At the New England American College of Sports Medicine’s (ACSM) Fall 2020 conference, I gave a presentation entitled “Accelerating Systemic Addiction Recovery Using Dosed Exercise” alongside Fitness in Recovery’s cofounders, Dr. Sidra Ghafoor and John Breen. Fitness in Recovery is a 501(c)3 nonprofit organization dedicated to combatting addiction and mental illness through building physical competence and community. Since 2018, I’ve helped Fitness in Recovery affiliate with research institutions and introduce their exercise programming to in- and out-patient recovery centers in Philadelphia.
This year, we were welcomed by the ACSM to speak about our work as a contribution to their “Exercise is Medicine” content. Through their Exercise is Medicine global health initiative, the ACSM encourages clinicians to assess all patients’ physical activity levels as a vital sign. As an undergraduate member of the ACSM’s Alliance of Health and Fitness Professionals, I previously established a student-run chapter of the Exercise is Medicine initiative at the University of Connecticut to promote this mission at the campus clinic and to motivate healthy habit formation among college students. As a medical student and ACSM ambassador, I’ll continue to promote exercise for the prevention and therapy of physical and mental illness alike.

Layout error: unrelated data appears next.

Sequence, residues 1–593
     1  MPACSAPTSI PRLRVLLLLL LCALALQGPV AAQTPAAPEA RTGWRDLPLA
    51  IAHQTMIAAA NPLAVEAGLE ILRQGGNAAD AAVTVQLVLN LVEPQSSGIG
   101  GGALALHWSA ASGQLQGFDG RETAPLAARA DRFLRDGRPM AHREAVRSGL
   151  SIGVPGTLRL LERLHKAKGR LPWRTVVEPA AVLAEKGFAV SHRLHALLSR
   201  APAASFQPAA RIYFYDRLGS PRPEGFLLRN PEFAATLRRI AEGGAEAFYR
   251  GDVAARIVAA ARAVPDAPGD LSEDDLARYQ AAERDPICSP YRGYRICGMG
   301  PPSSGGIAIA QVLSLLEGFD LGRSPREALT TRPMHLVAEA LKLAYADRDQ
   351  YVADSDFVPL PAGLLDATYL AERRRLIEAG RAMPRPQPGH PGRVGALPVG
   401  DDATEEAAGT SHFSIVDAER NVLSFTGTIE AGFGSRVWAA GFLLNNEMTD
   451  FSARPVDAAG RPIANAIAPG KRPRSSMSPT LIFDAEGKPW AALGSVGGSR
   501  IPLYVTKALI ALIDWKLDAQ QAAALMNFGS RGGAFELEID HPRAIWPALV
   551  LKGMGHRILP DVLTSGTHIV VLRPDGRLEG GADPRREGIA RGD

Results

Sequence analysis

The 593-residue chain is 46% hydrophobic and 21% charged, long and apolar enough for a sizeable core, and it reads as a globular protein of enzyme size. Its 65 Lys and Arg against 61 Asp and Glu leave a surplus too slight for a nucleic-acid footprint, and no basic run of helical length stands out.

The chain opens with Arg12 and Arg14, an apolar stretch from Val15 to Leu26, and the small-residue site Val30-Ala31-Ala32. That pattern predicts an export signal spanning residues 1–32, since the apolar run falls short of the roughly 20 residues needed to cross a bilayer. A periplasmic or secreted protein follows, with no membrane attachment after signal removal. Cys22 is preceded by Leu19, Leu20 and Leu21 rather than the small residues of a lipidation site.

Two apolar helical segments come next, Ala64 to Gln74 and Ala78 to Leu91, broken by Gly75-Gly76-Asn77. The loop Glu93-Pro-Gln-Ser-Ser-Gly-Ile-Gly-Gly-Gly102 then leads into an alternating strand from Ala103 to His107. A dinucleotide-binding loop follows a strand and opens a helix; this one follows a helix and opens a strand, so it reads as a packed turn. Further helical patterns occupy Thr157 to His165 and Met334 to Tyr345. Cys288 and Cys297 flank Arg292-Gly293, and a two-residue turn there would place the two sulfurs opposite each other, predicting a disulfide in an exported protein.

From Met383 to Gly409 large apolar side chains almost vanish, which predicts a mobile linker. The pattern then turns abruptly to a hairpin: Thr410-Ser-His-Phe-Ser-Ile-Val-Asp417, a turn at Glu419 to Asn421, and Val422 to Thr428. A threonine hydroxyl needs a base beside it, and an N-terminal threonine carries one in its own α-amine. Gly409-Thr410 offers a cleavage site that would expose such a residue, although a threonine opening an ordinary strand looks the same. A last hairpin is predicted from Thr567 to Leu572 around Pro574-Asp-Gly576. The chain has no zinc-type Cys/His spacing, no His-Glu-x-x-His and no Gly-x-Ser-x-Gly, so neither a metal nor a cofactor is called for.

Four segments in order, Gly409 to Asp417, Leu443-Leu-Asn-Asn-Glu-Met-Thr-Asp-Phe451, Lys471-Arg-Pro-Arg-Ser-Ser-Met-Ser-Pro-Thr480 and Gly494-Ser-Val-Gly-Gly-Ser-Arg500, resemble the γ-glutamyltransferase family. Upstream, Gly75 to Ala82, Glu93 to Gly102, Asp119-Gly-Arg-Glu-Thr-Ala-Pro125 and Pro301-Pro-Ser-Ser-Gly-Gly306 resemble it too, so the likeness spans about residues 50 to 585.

How will these fitness-related initiatives influence the impact you have on your future patients?
I’m convinced that virtually everyone can benefit from exercising regularly, yet I understand initiating an exercise routine can seem impossible for many people. That said, if my experiences with Fitness in Recovery and Back on My Feet have taught me anything, it is quite simply that where there is a will, there is a way.
My running buddy in South Philly was homeless when I met him. He showed up to every 5:30 a.m. run for the two years we ran together with Back on My Feet. His consistency in running built momentum in his life and ultimately helped him regain independence. He wasn’t a “runner” when he started but became one through open-mindedness and willpower. You don’t have to become a runner to reap the life-changing benefits of exercise; running is merely one of many ways to exercise. We’ve instilled this concept in Fitness in Recovery’s programming for introducing people overcoming mental illness and substance use disorders to exercise: where there is a will, there is a way. As a physician, I’ll take it as my responsibility to help my patients summon their will and discover their way.